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A Response to Tom Cole's Interview by Indian Country Today Media Network

As the Ranking Members of the Natural Resources Committee and the Subcommittee on Indian and Alaska Native Affairs, which has primary jurisdiction over Indian issues in the House of Representatives, we feel compelled to respond to Representative Tom Cole’s unsubstantiated criticism of a report issued by Committee staff, made in an October 24 interview appearing in Indian Country Today Media Network. The Committee staff report outlines potential impacts of House Budget Committee Chairman Ryan’s (R-WI) proposed budget cuts on the federal agencies tasked with protecting America’s natural resources, including the Bureau of Indian Affairs (BIA) and the Indian Health Service (IHS).

In 2014, the Ryan budget would reduce spending on natural resource and environmental agencies by 14.8 percent from 2012 levels. This would reduce funding for agencies in the jurisdiction of the House Natural Resources Committee by more than $3.5 billion. House Natural Resources Committee Democratic staff reported in August that an almost 15 percent cut to the BIA and IHS budgets would mean reductions of nearly $375 million and $637 million, respectively, therefore fundamentally jeopardizing the federal government’s solemn fiduciary obligations to Native American and Alaska Natives. Representative Cole called these figures “fallacious,” arguing that staff “ma[d]e up numbers.” The Committee staff report did not “make up” any numbers, but merely analyzed the impact of the Ryan budget’s spending levels on programs affecting Indian country within the Committee’s jurisdiction.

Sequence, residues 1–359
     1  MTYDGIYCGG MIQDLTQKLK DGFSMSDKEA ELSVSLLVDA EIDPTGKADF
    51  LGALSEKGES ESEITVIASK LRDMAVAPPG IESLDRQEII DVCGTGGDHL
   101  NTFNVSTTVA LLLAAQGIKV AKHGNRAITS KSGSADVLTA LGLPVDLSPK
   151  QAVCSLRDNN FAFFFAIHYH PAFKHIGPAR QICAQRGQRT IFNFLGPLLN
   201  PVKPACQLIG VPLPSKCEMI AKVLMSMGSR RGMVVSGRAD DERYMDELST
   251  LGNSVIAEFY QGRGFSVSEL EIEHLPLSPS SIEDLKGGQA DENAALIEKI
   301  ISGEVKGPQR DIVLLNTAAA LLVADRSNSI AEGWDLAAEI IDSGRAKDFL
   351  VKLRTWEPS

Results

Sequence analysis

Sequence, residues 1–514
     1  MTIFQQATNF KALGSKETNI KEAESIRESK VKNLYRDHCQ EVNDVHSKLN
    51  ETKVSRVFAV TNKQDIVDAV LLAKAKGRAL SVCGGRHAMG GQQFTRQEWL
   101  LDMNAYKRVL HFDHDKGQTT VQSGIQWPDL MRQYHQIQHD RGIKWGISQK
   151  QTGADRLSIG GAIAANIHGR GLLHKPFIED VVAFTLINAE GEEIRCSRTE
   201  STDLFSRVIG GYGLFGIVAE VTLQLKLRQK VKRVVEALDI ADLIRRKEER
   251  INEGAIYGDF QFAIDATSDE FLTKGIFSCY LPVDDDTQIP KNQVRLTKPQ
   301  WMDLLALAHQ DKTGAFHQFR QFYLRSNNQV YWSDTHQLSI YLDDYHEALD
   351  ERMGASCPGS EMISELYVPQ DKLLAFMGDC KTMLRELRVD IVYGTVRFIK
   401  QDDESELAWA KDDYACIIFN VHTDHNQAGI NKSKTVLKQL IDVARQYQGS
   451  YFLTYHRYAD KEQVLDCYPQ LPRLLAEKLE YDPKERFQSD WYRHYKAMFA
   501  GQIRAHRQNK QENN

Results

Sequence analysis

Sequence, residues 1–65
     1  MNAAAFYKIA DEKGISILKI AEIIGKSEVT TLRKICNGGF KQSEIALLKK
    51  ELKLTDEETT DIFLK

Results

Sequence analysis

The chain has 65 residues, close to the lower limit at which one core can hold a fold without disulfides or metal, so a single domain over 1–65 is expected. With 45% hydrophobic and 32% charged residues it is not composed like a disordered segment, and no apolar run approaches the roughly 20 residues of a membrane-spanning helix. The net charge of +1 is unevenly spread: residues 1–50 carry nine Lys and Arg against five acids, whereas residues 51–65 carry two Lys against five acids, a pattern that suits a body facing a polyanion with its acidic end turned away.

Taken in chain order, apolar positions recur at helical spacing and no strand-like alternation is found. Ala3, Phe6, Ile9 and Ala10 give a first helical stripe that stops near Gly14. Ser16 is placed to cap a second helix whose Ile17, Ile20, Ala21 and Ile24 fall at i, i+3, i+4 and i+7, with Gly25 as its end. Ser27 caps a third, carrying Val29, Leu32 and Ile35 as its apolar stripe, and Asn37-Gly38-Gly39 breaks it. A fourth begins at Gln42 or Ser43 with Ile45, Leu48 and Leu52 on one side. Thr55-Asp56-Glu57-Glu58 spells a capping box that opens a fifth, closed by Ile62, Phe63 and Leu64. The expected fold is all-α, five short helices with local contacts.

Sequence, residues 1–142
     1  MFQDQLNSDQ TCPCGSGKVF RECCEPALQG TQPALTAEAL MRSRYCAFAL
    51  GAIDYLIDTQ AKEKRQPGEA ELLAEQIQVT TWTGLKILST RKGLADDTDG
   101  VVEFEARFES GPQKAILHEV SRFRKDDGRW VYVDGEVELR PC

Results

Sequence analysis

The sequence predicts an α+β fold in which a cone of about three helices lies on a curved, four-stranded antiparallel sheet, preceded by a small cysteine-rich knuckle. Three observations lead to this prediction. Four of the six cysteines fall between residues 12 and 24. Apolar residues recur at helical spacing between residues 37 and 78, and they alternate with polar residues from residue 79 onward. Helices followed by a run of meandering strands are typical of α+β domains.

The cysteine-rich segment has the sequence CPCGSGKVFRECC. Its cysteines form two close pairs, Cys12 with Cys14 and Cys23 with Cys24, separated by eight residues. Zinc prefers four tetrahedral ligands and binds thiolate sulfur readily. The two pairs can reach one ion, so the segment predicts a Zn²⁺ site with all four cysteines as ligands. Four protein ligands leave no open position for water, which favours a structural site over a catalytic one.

To be sure, the conclusions reached in the report are similar to those reached by other sources. Bipartisan Policy Center reports that under Ryan’s proposed budget, non-defense discretionary programs—a category that includes a significant number of programs that fund federal trust responsibilities to Indian tribes—would suffer “enormous reductions,” estimating that outlays over a 10 year period for those programs would be $830 billion below the cap levels called for under sequestration, thus reducing non-defense discretionary spending by more than double the amount that is cut by the sequester (approximately $340 billion). Mr. Cole may be comfortable assuming that Indian programs would somehow be protected from such steep cuts, but in fact at least one prominent tribal organization, the National Congress of American Indians (NCAI), the oldest, largest and most representative tribal organization in the country, is not so confident. In line with the Bipartisan Policy Center’s analysis, NCAI reports that “undefinedn 2014[,] the overall cuts under the [Ryan] budget in funding for non-defense discretionary programs, including Indian trust responsibilities, would be three times as deep as the cuts scheduled under sequestration.” [emphasis added]

Clearly, outside experts agree with Committee staff that Indian programs would be at risk for severe and devastating cuts if the Ryan budget, supported by Mr. Cole and his fellow House Republicans, were enacted into law.

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We have no doubt that Representative Cole is committed to improving the dire economic conditions in Indian country, and his long-time leadership in the service of tribes across the nation has been commendable. The simple truth, however, is that Mr. Cole’s party is responsible for advancing a budget that puts funding for Indian programs, which are already critically underfunded, at risk for even deeper and disastrous spending cuts that fail to take into account the special trust relationship between the United States and Indian tribes as expressed in the U.S. Constitution, treaties, statutes, caselaw and other commitments made to Native peoples. The Committee report analyzing the House-passed Ryan budget merely reflects what outside expert organizations dedicated to advancing bipartisanship and tribal sovereignty agree would be a devastating development for Indian tribal governments and their citizens.

Edward J. Markey is ranking member, Natural Resources Committee; Ben R. Lujan is ranking member, Subcommittee on Indian and Alaska Native Affairs.